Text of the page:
Or Why We May Need More Math In Church

Mishneh Torah Hilchot Qiddush HaHodesh – Introduction

הלכות קדוש החדש. מצות עשה אחת והיא לחשב ולידע ולקבוע באיזה יום הוא תחלת כל חדש וחדש מחדשי השנה. וביאור מצוה זו בפרקים אלו.

The Laws of the Sanctification of the Month

There is a single mitzvah in this category and it is to calculate, to know, and to determine which day is the beginning of each and every month of the year.  This mitzvah will be explained in the following chapters.

I will begin with a confession, and that is that I am starting this project with the hopes of “unblocking” my writing.  I have several projects that I should be working on but am avoiding, and so I hope to get the words flowing with a little journal on the Rambam’s section on determining the new month.  So I confess to being blocked.

I’m not going to try to introduce the Mishneh Torah at the outset but bring up issues as we go along.  If you are among the dozens of people reading this and you decide you want a systematic background Halbertal’s book is real and spectacular.  I’m going to try to move through the Laws of the Sanctification of the Month in journal form.  Since I’m doing this to loosen the words in my head, it kind of is going to be about me.  Trying to rehearse a comprehensive view of the material is not going to help with what I need to do.

Like many people, I knew about the Mishneh Torah for a long time without realizing how wonderful it was.  When I began to explore Judaism and its books, I knew that there were several codes that one could consult if one needed to know what to do, but the whole idea of codes seemed pretty boring.  One doesn’t read a physiology textbook for fun (if “one” is normal), and with Mikra (the inside term for the Hebrew Bible) with its commentaries and with Talmud and philosophy why would anyone want to sit around reading codes?  I confess (again) that this was my own limited experience but this is what I was thinking.  (I had strong and stupid opinions.  I told Rabbi Burt Visotzky during my seminary admissions interview that I thought midrash was mostly a waste of time.)

Anyway, it was only when I started seminary and one of our seminar teachers, R. David Hoffman, assigned the introduction to the Mishneh Torah and our eyes fell upon the goal of the text (i.e. to replace all other rabbinic literature), and we learned that this book was the invention of a genre and to top it all off was never really equalled that I began to realize how myopic my view of codes was.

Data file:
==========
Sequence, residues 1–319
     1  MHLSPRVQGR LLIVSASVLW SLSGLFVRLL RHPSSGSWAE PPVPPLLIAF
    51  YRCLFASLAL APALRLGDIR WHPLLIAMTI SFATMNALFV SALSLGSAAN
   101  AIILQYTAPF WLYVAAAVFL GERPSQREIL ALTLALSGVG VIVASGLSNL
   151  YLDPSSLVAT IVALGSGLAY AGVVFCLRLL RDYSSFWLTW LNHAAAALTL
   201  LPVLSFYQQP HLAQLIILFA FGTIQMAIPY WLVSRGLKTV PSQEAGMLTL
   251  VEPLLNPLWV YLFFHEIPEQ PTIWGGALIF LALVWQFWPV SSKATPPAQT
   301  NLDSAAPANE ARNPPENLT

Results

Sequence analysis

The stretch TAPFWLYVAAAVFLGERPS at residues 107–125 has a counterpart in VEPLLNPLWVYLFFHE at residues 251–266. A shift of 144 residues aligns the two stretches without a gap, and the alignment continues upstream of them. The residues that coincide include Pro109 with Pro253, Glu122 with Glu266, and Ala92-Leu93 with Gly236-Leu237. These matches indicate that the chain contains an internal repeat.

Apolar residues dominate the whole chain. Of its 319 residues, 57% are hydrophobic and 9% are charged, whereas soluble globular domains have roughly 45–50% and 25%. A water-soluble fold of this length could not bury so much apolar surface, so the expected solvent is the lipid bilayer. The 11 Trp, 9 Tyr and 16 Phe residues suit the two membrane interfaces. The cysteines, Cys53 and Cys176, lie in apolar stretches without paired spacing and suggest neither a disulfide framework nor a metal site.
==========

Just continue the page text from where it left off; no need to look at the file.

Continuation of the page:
I suppose I should qualify all three of those claims.  It is disputed that Maimonides wanted to replace all previous rabbinic literature with the Mishneh Torah.  But he did write stuff like this (from the introduction):  

אלא דברים ברורים קרובים נכונים על פי המשפט אשר יתבאר מכל אלו החיבורים והפירושים הנמצאים מימות רבינו הקדוש ועד עכשיו. עד שיהיו כל הדינין גלויין לקטן ולגדול בדין כל מצוה ומצוה ובדין כל הדברים שתיקנו חכמים ונביאים. כללו של דבר כדי שלא יהא אדם צריך לחיבור אחר בעולם בדין מדיני ישראל אלא יהא חיבור זה מקבץ לתורה שבעל פה כולה עם התקנות והמנהגות והגזירות שנעשו מימות משה רבינו ועד חבור הגמרא וכמו שפירשו לנו הגאונים בכל חיבוריהם שחיברו אחר הגמרא. לפיכך קראתי שם חיבור זה משנה תורה. לפי שאדם קורא בתורה שבכתב תחלה ואחר כך קורא בזה

I’m not going to translate the whole thing, but the highlighted parts say, “In sum, one does not need any other composition whatsoever regarding the laws of Israel, only this summation of the entire Oral Torah (!)”, and “Therefore one could read (only) the written Torah (the Tanakh) and afterwards this book (!)”  Borrowing the title Mishneh Torah from, well, Moses’ own summation of the Torah a.k.a. the Book of Deuteronomy was also pretty audacious.  That there was nothing like Rambam’s code before probably requires less qualification, and the fact that subsequent codes are not as comprehensive is also pretty defensible, I think.  Anyone, it was with that introduction that I began to really groove to studying the Rambam.

Why I am fascinated by the laws for determining the month?  I’ve always been suspicious of the common assertion that there is a dichotomy between science and religion.  Most casual thinkers accept the formalization of this separation articulation by Stephen Jay Gould as Non-Overlapping Magisteria (NOMA):  science gets to describe the natural world and religion gets to talk about morals.  That has always struck me as being based on a Christianized concept of religion, perhaps following in Augustine’s City of God/City of Man dichotomy.  I think that Judaism has a harder time with this dualism (or should have a harder time with this dualism given our “worldcenteredness”).  I think that Rambam’s presentation of these laws challenges that separation.  People who argue against prayer in public schools sometimes quip that prayer in school makes as much sense as math in church.  I am not in favor of prayer in public schools and I don’t go to church, but I think that it is hard to be a serious person while avoiding math.  Serious religions cannot avoid it either.

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